CHICAGO (CN) – Two sisters say the Biography Channel’s “Female Forces” TV show broadcast their images against their will in an episode that featured one’s arrest in “lascivious” circumstances that created a “derogatory and negative” impression of both of them.
“Female Forces” is produced by The Greif Co. for A&E Television Networks in cooperation with the City of Naperville, Ill., and features female Naperville officers in the field.
In their federal complaint, the sisters allege that a male officer arrived at 20-year-old Chelsea Frederick’s apartment to arrest her on a traffic warrant. Frederick and her sister Ferrara Daum were leaving the building dressed in pajama pants and the officer detained them to wait for a female officer and camera crew.
Frederick told the crew – who claimed to be shooting a documentary on Naperville police – that she did not want to be filmed in pajamas. The crew filmed her arrest anyway, after the officers prevented the sisters from leaving.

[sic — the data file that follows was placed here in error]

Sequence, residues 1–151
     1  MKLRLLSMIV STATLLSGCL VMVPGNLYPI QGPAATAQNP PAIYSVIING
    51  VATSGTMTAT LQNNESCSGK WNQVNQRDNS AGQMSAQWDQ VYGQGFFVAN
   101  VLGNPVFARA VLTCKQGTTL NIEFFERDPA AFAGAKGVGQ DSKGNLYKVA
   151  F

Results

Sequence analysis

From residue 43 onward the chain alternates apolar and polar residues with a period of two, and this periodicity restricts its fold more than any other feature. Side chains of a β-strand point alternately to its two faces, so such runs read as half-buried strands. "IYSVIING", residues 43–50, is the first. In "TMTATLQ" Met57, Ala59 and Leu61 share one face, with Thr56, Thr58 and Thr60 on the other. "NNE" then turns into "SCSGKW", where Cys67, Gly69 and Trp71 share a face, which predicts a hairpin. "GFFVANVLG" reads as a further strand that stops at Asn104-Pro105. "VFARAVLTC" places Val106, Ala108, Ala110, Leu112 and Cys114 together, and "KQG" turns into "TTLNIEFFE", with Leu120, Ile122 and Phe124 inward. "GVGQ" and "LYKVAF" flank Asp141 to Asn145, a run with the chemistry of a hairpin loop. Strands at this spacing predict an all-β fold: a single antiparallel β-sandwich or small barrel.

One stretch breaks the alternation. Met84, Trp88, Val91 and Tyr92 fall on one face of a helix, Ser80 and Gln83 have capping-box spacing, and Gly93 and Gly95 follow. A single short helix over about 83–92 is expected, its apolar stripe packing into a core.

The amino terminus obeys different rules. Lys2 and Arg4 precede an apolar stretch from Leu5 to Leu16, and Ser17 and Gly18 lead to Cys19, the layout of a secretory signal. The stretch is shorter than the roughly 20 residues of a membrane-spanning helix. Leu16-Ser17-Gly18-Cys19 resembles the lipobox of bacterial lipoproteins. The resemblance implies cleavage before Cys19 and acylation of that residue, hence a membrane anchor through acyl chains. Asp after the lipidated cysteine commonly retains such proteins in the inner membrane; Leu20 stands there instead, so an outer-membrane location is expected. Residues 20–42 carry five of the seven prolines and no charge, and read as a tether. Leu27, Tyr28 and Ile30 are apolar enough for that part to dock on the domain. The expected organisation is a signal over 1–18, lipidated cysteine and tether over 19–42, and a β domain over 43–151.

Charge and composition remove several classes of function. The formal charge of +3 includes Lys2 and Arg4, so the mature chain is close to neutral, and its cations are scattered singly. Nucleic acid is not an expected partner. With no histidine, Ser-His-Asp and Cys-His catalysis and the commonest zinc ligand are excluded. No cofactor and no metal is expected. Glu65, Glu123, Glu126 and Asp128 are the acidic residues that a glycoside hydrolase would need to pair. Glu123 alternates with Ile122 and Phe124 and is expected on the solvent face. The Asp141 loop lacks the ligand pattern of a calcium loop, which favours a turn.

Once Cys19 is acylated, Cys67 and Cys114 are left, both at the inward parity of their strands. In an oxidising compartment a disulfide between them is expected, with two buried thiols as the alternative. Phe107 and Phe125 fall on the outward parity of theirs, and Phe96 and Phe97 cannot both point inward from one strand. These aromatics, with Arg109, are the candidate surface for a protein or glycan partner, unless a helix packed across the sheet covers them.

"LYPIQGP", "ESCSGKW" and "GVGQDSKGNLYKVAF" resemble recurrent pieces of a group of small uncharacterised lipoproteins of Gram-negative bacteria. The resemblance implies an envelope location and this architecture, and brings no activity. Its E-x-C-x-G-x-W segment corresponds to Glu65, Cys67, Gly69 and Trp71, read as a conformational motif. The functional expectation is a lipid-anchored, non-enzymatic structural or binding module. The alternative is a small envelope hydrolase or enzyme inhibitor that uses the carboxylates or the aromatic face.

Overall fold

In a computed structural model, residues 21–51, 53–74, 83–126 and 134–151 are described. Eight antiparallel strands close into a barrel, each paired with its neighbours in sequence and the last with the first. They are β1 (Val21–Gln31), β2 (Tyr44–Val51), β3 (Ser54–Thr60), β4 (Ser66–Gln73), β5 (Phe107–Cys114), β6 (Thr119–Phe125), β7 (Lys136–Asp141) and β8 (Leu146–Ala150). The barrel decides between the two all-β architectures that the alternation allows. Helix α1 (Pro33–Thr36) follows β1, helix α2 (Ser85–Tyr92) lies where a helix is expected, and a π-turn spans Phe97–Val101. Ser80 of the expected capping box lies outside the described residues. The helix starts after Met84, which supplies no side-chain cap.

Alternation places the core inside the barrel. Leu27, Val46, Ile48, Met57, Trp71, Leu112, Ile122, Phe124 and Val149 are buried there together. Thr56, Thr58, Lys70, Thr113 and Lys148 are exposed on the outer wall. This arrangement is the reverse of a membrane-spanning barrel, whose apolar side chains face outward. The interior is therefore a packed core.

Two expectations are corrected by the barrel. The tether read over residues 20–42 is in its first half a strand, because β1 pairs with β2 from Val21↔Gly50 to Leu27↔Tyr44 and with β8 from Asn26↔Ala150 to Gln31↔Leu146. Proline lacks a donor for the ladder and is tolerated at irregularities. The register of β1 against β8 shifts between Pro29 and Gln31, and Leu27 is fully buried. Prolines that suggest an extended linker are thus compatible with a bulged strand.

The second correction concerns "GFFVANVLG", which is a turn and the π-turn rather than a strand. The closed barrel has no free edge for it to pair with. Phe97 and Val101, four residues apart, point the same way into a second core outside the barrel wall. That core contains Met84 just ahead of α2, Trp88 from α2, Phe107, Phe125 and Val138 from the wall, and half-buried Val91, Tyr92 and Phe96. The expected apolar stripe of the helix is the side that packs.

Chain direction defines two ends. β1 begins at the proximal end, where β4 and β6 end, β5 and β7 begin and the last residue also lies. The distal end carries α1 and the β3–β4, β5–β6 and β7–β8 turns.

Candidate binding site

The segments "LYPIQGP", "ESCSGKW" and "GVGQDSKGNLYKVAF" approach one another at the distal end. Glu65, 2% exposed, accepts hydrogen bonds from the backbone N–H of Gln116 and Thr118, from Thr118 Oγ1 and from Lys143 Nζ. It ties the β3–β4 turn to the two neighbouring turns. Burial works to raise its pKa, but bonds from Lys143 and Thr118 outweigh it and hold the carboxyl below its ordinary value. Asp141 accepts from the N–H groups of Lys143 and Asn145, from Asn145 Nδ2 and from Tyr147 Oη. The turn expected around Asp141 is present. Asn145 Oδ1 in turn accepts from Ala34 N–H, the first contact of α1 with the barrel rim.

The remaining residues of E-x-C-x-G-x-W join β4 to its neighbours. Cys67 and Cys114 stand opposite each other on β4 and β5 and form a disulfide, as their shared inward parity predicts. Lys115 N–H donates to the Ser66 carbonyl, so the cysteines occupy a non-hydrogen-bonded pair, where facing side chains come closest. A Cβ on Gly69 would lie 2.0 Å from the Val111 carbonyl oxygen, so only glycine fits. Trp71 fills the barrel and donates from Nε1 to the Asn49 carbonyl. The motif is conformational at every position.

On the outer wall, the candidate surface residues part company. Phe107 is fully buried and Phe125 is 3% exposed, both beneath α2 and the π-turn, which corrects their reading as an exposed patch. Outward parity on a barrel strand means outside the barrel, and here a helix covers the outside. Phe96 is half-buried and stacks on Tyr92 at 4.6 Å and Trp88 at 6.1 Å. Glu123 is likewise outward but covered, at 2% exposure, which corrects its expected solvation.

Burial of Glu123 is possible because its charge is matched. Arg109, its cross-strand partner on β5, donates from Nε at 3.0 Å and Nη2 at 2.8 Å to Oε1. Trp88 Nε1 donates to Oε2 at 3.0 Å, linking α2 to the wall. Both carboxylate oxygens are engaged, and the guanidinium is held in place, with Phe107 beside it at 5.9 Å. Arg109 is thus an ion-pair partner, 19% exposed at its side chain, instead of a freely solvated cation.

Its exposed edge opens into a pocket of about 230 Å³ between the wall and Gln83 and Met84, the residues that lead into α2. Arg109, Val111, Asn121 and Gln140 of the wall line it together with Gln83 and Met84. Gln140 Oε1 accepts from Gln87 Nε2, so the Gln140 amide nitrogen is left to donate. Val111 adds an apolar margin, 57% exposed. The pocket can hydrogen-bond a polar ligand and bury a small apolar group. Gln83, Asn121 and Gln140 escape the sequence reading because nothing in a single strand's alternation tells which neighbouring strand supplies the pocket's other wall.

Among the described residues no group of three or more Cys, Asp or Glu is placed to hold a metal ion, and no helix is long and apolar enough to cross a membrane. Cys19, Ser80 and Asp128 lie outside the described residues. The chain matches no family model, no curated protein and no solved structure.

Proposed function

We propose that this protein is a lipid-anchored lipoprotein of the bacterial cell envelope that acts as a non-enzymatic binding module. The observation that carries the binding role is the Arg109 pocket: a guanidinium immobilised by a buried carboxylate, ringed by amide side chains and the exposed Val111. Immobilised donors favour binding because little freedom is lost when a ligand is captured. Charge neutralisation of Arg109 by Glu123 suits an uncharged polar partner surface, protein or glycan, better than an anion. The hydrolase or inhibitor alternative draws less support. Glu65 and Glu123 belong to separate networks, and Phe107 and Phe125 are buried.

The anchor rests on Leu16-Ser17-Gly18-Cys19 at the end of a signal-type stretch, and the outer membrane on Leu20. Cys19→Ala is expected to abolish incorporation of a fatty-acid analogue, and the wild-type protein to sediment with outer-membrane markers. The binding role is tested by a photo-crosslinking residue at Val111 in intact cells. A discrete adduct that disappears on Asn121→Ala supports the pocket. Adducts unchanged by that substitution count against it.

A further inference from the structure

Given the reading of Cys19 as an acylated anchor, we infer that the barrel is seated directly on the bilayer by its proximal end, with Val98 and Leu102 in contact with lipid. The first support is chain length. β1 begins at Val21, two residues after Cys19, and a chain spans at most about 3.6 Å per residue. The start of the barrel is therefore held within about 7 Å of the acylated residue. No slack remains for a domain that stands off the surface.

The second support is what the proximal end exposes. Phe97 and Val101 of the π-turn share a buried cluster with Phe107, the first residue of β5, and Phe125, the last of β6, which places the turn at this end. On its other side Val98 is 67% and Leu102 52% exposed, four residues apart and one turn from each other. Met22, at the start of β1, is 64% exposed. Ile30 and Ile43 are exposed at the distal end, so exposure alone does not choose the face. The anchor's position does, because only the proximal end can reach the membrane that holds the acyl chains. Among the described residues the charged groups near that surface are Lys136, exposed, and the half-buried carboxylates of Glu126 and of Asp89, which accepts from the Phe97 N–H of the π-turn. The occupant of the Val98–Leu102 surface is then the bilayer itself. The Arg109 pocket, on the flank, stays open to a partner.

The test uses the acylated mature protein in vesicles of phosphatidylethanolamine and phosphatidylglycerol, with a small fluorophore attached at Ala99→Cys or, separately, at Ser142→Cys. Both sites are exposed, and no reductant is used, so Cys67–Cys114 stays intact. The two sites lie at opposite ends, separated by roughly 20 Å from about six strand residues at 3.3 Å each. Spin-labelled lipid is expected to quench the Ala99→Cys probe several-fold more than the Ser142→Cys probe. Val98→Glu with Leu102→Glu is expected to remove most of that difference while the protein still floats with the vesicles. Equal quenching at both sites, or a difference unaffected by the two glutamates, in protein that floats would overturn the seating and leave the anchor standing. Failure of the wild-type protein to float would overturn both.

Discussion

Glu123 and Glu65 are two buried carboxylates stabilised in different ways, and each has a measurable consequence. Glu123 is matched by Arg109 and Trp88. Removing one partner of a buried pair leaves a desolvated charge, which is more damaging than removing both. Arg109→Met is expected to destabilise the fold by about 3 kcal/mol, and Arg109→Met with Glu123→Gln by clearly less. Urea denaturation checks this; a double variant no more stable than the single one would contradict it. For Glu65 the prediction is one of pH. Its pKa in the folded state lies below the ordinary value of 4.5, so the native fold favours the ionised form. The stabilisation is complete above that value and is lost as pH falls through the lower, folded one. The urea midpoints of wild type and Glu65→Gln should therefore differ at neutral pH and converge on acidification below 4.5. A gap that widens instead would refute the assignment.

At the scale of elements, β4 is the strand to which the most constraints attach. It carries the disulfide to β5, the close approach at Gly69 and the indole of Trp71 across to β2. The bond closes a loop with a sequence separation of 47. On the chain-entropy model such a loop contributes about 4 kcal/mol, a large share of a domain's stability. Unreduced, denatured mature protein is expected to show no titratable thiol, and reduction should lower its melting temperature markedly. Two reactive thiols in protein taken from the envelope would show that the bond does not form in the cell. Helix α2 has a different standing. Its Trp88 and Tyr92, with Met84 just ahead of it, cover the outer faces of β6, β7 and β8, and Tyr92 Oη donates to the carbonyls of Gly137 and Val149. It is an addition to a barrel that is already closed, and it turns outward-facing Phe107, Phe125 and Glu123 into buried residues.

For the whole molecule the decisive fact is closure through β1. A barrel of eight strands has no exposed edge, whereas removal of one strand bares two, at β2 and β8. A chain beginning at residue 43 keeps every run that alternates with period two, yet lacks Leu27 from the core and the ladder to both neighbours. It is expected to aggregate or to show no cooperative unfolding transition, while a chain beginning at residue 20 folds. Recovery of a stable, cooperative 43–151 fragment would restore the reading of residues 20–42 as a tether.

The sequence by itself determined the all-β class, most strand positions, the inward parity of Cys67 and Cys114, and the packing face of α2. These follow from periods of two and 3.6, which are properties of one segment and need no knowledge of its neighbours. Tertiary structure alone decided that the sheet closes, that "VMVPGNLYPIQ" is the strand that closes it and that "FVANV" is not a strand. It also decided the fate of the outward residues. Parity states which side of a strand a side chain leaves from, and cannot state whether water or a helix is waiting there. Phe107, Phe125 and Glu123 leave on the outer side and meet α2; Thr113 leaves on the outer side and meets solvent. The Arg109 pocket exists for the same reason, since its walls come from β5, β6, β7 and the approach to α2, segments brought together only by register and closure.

Frederick says he pink Hello Kitty pajamas fell down her hips as she was restrained, but officers refused to let her lift them, so the crew could shoot her with “indecently exposed skin above the waistband.”
Frederick says she refused to sign a release form, and the defendants failed did not even ask Daum to sign one.
The sisters say A&E maliciously broadcast the episode on the Biography Channel. Likenesses of others were blurred, but the episode clearly showed Frederick and Daum and was maliciously edited to delete Frederick’s protests, the sisters say.
The episode highlighted handcuffed Frederick’s arrest in sagging pajamas while the female officer stated the girl was “concerned about the state of her pants.” The officer also criticized and condemned her lifestyle.
The sisters say that a “reasonable viewer” would have a derogatory and negative impression of them and of Frederick in particular.
The sisters say the public had no right to know about Frederick’s embarrassing arrest, which had no news value and was broadcast for commercial entertainment.
They say Frederick has moved away from Naperville to seek work and was embarrassed and afraid she would not be hired due to her public arrest and ridicule. She demanded that A&E stop showing her likeness, but it continued to air the episode.
The sisters seek punitive damages for violation of privacy and publicity rights. They are represented by Donald Spak.